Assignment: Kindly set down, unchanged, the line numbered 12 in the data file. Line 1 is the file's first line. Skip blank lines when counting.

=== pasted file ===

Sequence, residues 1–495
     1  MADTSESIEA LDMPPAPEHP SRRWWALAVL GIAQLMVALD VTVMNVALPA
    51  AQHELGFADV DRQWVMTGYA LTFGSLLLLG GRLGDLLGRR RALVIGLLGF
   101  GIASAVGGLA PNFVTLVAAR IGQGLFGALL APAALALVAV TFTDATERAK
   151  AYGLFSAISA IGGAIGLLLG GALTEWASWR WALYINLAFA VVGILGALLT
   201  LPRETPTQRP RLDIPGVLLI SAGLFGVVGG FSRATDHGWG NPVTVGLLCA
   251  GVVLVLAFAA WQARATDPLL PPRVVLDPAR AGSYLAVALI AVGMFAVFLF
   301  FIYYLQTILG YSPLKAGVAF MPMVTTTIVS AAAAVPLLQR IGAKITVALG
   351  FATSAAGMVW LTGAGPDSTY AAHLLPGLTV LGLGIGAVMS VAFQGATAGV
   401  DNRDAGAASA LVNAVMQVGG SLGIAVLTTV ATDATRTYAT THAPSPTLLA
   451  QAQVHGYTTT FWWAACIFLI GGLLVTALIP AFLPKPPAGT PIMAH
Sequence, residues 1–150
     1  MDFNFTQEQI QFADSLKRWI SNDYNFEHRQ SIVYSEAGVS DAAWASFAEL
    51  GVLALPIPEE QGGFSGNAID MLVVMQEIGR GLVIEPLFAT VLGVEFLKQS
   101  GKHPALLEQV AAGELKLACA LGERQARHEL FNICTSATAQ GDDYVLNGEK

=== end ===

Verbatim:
Sequence, residues 1–150